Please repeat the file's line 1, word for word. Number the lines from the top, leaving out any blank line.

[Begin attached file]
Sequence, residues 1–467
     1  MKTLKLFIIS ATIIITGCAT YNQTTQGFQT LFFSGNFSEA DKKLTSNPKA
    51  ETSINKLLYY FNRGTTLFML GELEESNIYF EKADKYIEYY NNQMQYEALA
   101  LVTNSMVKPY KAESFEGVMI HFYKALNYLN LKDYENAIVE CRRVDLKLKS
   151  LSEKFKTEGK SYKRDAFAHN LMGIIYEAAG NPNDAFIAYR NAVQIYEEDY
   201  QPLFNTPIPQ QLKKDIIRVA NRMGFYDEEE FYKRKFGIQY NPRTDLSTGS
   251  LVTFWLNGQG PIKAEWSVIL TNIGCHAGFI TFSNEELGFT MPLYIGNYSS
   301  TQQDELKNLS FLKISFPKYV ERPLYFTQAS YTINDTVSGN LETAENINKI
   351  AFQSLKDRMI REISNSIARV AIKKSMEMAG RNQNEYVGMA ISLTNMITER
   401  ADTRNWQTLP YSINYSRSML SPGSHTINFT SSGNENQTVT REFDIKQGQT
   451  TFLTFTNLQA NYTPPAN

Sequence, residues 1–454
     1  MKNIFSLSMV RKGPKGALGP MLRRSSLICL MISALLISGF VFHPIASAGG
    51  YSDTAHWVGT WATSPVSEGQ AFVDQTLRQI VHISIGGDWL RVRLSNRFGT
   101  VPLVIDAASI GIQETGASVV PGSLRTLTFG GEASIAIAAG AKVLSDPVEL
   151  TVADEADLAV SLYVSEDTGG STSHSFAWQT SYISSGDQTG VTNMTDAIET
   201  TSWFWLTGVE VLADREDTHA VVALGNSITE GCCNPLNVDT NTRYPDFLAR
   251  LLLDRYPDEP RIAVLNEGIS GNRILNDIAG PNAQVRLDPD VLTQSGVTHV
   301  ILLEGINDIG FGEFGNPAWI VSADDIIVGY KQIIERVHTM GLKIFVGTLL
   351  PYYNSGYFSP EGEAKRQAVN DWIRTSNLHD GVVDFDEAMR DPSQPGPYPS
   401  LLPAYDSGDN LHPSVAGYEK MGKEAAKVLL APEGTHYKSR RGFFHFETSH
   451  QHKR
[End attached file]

Sequence, residues 1–467